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Posted on 11/02/2004 8:46:47 AM PST by crushelits
It's Election Day and information overload is in full swing, and not just in the swing states. From newspapers to TV and the Internet, tracking whether President Bush or Sen. John F. Kerry wins is a 24-7 operation.
On the Web, blogs and news sites are just a few of the spots to watch the results pour in. The tech press has been part of this media circus, though mostly focusing on how the candidates have hit or missed tech policy issues. Wired News, techie site Slashdot.org and CNET's News.com have election coverage, but they aren't doing anything particularly fancy to cover the election, beyond the standard rundown of where candidates stand on issues and of course, covering whoever wins. CNET's election blogs on the key tech issues of broadband, offshoring and security are a notable exception, along with Wired's quirky election stories.
A lot of the spiffier, Web-only features are from traditional media sites that have the people power and money to churn out polished "Decision 2004" packages. I am hesitant to push the mainstream press, when there are so many interesting blogs and alternative coverage, but many of the must-visit sites on my Election Tracking list are from media mainstays because they offer some of the more useful tools for watching the election from your PC. There are also election-only sites run by independent election watchers and number-trackers that are worth tracking for poll results and other election data. Here's a roundup of the best and coolest sites on my list:
Still trying to find where you need to go to vote today? Check out MyPollingPlace.com or MyPollingSite.com (if you can get on either site, which are balky today, probably due to traffic overload) . The latter has a helpful interactive map of the United States, which can be clicked by state and drilled down by county for finding your local polling location. Many of the major newspaper sites' election packages also allow readers to search for candidate information by Zip code.
Electoral Vote Predictor 2004 gives a running tally of where the blue (Kerry) states and red (Bush) states stand. This site even has downloadable spreadsheets on the latest polling data and other geek-friendly features for the obsessive election watcher (such as an Electoral College (news - web sites) graph and online records for both Bush and Kerry). Electoral College Vote Calculator is another fun tool for Election Day monitoring.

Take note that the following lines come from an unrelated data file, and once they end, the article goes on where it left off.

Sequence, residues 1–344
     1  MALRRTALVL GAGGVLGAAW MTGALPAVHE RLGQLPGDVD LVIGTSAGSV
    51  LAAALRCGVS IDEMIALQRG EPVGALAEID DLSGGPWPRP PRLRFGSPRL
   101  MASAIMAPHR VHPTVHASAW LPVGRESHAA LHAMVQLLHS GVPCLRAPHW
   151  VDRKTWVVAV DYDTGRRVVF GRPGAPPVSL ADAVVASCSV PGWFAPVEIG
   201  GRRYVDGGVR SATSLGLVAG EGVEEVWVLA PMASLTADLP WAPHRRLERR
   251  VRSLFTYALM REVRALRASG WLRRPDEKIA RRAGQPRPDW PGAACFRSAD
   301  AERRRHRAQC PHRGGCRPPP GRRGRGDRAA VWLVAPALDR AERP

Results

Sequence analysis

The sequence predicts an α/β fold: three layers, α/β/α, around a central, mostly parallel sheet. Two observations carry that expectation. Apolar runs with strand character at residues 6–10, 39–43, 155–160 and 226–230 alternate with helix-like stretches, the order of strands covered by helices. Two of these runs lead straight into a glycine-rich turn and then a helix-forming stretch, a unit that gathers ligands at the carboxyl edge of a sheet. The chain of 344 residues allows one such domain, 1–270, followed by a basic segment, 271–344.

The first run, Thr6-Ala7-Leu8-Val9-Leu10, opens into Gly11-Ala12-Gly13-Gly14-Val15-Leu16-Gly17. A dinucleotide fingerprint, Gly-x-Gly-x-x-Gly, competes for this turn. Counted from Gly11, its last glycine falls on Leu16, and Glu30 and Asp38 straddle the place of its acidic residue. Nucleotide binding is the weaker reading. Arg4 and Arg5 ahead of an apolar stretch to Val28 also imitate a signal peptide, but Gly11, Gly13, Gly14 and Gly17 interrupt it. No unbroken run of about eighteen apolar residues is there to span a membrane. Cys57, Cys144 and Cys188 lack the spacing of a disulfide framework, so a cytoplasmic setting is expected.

Presidential Guidester is aimed at the undecided voters who are looking for a machine to match their beliefs with the opinions of others and find like-minded candidates to vote for. The site is produced by polling firm Zogby International and Decidia, a paid search company. The site explains that "Presidential Guidester allows users to select economic, social and budgetary issues, along with personal attributes of the candidates, and then provides a 'match percentage' to show which candidate best represents their point of view." Wired News today has its own write-up of the vote-matching service, as does CNET.
Some good spots to check past election statistics: a chart on election turnout by state from the 2000 election and a tally of historical election results from the Office of the Federal Register. Jonathan Dube of Cyberjournalist.net and MSNBC.com pointed readers to these links too, and a lot of other interesting election links in his own tip sheet.
MSNBC.com today is running an interesting clearinghouse of stories from the polls across the nation and is tracking problems reported by voters. The news organization is mapping complaint calls made to the Voter Alert Line, 1-866-MYVOTE-1. (MSNBC.com has a partnership with The Washington Post Co.)
The Wall Street Journal subscription-only site's Election 2004 page features a rundown of sound bytes from the candidates and other figures each day, accessible from a clickable calendar.
The Christian Science Monitor's Decision 2004 page has a unique election issues quiz. The paper also has a "Color of Victory" map to highlight the swing states, which is a good primer on understanding which states vote blue and which vote red.
The New York Times' election page also features an interactive map with fundraising statistics and a look at how each state looks heading into Election Day. The Times has produced a PDF crib sheet of sorts on where Bush and Kerry stand on various issues, including the economy, abortion, the environment and Social Security (news - web sites). Check out "Times on the Trail," a blog-like feature with posting of daily campaign news.